Then comes “earn,” the time in your life when you are in the career position to start buying toys, traveling, and saving for retirement. The last quarter, and hopefully the longest one, is “turn.” While not as obvious as the others, “turn” is retirement, turning over in a lounge chair on the beach so as not to burn, or “turning” over when taking a nap. The thing is, I didn’t like not having too much to do.
That is when God put me in a lecture hall to hear boarded veterinary behaviorist Dr. Karen Overall’s transformative sermon on how damaging fear was to pets, how we as veterinary healthcare professionals were responsible for harming animals, and how there was something we could and must match up with our oath to prevent or relieve animal pain and suffering.
So, in 2009, at age 55, Fear Free had life breathed into it. It was a chance to give back to pets, people (pet parents, ranchers, horse folks, wildlife experts, researchers) and the profession. And even in this, we have kept giving in mind; Teresa and I have already given away over three-quarters of our stock in Fear Free to Washington State University College of Veterinary Medicine to hopefully, prayerfully, endow multiple chairs in animal behavior. We would like 12 chairs, one for most species veterinarians see, including canine, feline, equine, bovine, porcine, ovine, caprine, poultry, etc., and robustly fund research.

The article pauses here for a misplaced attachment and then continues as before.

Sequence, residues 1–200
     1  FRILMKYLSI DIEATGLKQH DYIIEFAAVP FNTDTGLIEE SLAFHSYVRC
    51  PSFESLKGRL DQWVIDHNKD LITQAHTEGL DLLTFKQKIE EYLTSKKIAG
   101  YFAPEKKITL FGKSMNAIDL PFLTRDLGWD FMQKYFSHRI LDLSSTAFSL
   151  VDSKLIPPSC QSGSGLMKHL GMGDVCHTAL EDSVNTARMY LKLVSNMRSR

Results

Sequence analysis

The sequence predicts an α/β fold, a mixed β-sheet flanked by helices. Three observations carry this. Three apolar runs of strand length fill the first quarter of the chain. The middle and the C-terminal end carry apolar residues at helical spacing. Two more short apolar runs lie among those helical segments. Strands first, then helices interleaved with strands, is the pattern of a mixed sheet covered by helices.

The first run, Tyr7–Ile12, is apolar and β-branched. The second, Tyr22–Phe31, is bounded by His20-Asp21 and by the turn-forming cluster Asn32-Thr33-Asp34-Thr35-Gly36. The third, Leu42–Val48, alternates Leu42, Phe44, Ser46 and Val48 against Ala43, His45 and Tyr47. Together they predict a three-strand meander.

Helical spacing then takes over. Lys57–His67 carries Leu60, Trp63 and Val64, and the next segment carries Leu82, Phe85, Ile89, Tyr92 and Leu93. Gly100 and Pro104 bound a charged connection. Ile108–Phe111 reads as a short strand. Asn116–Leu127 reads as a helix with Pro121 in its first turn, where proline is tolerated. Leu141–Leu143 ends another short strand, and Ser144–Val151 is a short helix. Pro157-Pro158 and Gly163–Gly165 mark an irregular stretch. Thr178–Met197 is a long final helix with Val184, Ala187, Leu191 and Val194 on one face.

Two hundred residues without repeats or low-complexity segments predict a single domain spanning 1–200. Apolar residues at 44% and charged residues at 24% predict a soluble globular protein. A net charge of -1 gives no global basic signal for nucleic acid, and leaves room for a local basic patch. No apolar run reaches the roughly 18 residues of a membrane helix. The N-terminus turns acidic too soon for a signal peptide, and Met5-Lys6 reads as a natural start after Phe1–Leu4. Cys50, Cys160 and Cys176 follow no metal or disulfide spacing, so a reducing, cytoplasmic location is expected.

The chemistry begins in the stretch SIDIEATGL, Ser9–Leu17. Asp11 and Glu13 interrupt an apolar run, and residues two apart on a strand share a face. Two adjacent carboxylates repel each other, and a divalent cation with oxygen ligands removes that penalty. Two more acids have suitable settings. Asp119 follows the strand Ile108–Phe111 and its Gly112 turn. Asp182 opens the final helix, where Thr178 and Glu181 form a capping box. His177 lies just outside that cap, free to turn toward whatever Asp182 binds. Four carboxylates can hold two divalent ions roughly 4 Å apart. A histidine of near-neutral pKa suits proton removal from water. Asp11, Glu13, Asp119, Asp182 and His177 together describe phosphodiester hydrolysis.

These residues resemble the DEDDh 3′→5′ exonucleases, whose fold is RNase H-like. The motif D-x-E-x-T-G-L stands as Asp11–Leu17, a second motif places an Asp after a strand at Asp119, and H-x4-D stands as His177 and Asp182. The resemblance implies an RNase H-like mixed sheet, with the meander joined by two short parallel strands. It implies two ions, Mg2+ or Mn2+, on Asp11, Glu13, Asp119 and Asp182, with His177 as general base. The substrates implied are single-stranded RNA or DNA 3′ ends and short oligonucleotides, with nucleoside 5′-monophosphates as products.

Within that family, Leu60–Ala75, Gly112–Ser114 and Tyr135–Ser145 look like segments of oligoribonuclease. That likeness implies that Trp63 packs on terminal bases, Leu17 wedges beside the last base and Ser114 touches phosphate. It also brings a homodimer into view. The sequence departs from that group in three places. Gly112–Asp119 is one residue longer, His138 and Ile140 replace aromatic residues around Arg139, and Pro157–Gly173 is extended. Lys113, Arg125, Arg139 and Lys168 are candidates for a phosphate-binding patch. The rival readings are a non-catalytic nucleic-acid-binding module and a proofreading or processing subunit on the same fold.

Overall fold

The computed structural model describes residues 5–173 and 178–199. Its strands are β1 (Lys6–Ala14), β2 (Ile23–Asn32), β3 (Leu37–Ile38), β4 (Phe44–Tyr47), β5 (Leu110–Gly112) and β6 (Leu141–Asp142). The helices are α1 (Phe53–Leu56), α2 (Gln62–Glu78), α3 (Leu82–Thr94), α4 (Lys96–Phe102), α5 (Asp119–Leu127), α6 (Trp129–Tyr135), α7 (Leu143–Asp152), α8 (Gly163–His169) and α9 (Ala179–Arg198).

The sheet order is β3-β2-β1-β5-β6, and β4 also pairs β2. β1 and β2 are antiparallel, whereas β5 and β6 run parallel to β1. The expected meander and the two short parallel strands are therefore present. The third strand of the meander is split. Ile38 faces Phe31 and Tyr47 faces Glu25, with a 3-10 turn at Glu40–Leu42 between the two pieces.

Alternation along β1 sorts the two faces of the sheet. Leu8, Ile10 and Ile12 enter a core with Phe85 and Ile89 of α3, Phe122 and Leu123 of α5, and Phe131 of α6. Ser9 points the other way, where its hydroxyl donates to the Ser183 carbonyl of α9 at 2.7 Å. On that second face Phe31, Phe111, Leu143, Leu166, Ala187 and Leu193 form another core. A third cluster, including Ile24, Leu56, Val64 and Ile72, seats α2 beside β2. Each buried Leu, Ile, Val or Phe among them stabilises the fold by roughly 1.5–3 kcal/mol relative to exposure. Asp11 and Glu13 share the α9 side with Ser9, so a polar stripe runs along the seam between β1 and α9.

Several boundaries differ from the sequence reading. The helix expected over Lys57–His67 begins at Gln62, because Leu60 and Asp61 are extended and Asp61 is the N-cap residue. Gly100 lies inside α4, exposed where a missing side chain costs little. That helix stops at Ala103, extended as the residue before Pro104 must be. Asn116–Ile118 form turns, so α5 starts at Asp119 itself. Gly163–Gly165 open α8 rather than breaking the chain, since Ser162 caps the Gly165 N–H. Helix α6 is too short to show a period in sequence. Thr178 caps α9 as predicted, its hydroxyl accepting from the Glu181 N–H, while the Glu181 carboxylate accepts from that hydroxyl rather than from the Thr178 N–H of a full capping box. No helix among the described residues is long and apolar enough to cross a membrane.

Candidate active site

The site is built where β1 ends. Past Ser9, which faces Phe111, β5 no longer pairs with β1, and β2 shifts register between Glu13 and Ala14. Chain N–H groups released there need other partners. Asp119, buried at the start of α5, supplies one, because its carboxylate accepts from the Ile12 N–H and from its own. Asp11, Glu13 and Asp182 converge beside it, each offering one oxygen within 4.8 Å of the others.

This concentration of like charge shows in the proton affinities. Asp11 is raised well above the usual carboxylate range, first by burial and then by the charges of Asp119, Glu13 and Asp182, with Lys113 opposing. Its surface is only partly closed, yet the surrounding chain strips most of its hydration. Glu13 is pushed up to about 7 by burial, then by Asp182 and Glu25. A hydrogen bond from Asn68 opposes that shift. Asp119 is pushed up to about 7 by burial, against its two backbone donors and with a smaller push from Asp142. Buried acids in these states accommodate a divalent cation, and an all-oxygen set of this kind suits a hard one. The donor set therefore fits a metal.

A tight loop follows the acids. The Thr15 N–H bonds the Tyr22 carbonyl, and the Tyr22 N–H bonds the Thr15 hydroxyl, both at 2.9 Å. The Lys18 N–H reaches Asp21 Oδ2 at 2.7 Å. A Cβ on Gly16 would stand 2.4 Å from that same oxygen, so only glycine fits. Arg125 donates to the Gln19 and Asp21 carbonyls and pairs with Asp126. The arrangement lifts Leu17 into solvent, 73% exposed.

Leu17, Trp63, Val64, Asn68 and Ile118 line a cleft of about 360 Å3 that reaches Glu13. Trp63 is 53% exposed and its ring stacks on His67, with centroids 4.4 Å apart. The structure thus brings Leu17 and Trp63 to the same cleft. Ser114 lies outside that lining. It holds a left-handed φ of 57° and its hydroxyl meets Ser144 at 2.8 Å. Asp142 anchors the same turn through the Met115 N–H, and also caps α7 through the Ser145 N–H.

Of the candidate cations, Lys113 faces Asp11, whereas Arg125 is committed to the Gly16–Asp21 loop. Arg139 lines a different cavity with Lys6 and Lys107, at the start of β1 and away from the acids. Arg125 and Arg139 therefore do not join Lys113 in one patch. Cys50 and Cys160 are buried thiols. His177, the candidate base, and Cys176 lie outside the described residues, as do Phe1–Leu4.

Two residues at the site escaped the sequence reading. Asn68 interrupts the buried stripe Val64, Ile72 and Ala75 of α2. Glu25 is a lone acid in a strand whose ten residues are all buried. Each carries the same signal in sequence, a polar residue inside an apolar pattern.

Here comes God again. I was looking at our paltry retirement funds and thinking, maybe we need to cut off giving for a while, or at least scale it way back until we can feel comfortable with what we have to live out the fourth quarter (our two children and one grandchild know they only inherit our Almost Heaven Ranch; everything else is going to charity).
Then in 2004, a book came out that could be considered a bookend to The 7 Habits. An award-winning researcher and famed business school, Wharton’s highest rated professor, Adam Grant, penned a bestselling book, Give and Take. In it, he shows how for generations we focused on individual drivers of success: passion, hard work, talent, and luck. Alas, in today’s dramatically reconfigured world, success is increasingly dependent on how we interact with others.